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Greek Bonds Overstate Restructuring Risk, Cavallo Says

Former Economy Minister for Argentina Domingo Cavallo
DFC Associates CEO and former Economy Minister for Argentina Domingo Cavallo. Photographer: Joe Marquette/Bloomberg

Bondholders are overestimating the risk that Greece will seek additional debt forgiveness or leave the euro after the country carried out the largest restructuring in history, said Domingo Cavallo, who led Argentina’s efforts in 2001 to avoid what would become a record sovereign default.

This month’s restructuring, which allowed Greece to write off more than 100 billion euros ($131 billion) of debt, provides the country enough relief to allow it to overhaul the economy, said Cavallo, who resigned as economy minister as Argentina defaulted on $95 billion in December 2001. European policy makers may lower the costs of the region’s loans to Greece if needed and will help keep the country in the euro, he said.

Yields on Greek bonds due in February 2023 rose above 20 percent last week for the first time since the government issued them as part of the debt exchange. Yields climbed 17 basis points, or 0.17 percentage point, to 20.27 percent as of 10:12 a.m. New York time, from 18.5 percent on March 12 as concerns mounted that the exchange didn’t cut debt levels to sustainable levels. The bonds’ price fell to 24.63 cents from 27.83 cents on March 12, data compiled by Bloomberg show.

“If I had those bonds, I would keep them and wouldn’t sell them at such a discount,” Cavallo, 65, said in a March 24 interview at a Yale University conference in New Haven, Connecticut. Today’s prices are “misguided,” he said.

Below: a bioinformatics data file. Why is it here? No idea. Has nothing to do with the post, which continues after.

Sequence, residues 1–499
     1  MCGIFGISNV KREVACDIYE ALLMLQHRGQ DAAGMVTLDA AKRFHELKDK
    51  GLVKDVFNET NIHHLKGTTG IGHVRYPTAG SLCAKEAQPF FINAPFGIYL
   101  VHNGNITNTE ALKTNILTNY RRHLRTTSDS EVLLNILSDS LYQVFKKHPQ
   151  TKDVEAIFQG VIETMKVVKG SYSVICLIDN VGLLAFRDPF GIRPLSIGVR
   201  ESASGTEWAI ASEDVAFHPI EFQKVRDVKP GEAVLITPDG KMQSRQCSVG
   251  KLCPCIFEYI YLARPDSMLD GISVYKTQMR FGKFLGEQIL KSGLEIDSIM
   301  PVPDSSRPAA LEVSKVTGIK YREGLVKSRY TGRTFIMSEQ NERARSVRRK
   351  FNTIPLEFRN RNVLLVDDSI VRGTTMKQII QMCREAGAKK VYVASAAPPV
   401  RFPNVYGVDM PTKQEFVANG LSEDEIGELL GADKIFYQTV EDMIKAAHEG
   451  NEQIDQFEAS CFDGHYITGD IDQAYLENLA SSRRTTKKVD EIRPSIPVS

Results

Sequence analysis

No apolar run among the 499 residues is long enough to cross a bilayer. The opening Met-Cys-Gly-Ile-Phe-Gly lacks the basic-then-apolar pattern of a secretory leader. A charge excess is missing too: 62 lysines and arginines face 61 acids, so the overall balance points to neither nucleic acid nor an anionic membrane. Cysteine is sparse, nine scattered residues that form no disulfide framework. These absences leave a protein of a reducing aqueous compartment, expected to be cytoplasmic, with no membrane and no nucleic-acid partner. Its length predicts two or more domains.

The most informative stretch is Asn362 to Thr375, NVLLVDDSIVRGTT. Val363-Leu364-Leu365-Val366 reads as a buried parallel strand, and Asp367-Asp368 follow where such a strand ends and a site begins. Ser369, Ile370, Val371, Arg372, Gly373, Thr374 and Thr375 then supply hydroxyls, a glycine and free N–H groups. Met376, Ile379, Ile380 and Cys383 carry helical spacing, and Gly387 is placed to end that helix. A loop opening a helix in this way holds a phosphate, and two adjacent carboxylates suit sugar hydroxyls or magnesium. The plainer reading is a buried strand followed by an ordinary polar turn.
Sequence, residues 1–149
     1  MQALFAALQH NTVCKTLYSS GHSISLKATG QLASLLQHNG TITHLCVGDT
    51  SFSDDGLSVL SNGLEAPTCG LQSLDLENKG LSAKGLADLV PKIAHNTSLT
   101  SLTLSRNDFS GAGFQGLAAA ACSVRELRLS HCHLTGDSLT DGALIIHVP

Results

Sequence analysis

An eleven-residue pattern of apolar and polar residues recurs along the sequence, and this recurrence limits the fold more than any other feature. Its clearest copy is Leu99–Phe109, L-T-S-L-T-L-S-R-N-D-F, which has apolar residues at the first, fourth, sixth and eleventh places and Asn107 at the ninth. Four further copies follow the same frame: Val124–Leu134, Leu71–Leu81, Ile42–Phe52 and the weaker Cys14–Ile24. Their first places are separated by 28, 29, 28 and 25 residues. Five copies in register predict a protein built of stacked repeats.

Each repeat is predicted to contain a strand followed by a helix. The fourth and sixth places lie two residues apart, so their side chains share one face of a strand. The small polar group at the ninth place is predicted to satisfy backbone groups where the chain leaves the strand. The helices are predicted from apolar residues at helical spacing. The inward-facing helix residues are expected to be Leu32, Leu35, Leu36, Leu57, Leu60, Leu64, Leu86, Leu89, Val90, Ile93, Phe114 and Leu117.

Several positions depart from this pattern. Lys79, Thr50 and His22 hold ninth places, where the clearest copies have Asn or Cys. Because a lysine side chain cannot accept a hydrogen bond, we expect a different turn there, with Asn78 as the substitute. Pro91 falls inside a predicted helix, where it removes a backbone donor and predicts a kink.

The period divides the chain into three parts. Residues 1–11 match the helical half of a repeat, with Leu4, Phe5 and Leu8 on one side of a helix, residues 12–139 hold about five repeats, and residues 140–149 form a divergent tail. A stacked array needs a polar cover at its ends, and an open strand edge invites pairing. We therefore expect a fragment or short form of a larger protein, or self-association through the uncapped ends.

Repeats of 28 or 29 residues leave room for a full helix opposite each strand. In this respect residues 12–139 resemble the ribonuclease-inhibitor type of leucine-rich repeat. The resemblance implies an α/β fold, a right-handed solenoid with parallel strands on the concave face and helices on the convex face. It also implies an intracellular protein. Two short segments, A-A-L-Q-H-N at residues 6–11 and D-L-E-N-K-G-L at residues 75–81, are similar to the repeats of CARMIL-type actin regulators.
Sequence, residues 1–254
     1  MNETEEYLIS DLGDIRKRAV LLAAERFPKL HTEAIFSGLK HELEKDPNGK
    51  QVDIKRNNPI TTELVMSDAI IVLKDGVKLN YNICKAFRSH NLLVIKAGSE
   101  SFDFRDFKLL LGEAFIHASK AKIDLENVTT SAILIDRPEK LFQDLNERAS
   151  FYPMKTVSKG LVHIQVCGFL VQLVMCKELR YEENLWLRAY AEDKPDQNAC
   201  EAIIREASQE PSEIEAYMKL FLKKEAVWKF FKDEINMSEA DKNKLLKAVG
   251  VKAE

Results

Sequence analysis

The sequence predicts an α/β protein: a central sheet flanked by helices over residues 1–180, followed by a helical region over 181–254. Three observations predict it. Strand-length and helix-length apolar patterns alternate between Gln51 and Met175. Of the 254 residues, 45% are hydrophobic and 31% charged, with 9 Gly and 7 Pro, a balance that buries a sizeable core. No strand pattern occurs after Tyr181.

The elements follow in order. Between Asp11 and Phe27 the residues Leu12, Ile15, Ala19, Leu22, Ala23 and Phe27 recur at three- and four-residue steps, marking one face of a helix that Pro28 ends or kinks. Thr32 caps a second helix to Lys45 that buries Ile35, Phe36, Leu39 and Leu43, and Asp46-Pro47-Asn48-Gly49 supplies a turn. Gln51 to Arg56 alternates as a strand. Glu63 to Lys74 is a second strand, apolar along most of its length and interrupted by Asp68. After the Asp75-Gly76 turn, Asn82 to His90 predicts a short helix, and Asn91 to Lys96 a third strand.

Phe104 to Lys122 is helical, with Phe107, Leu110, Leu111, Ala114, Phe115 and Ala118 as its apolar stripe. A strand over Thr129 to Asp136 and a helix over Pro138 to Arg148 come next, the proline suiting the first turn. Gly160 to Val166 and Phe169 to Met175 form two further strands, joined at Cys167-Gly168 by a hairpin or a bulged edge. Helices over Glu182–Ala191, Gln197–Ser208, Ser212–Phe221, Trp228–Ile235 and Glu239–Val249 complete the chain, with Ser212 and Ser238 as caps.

Pimco Disagrees

Cavallo, who’s now the chief executive officer of DFC Associates LLC, a consulting firm in Buenos Aires, tamed Argentina’s hyperinflation in the early 1990s by pegging the peso to the dollar, limiting money supply growth and selling state companies. Then-President Fernando de la Rua brought Cavallo back as economy minister in March 2001 in a failed bid to maintain the currency system and avert default as the country’s recession deepened.

Greece received euro-area member states’ approval on March 14 for a second bailout of 130 billion euros ($172 billion) after the country agreed to carry out the debt exchange and implement spending cuts. The restructuring is designed to lower Greece’s debt to the equivalent of 120.5 percent of gross domestic product by 2020 from about 160 percent of GDP.

For Europe, the cost of having Greece exit the 17-nation euro region “is much higher” than keeping it in and “implementing necessary reforms gradually,” Cavallo said. “Greece owes Europe a lot of money. If Greece still has large fiscal deficits for a while, Europe will help.”

Pacific Investment Management Co., which manages the world’s biggest bond fund, sees a “significant risk” Greece will leave the euro, Andrew Balls, London-based head of European portfolio management, wrote on the company’s website on March 19.

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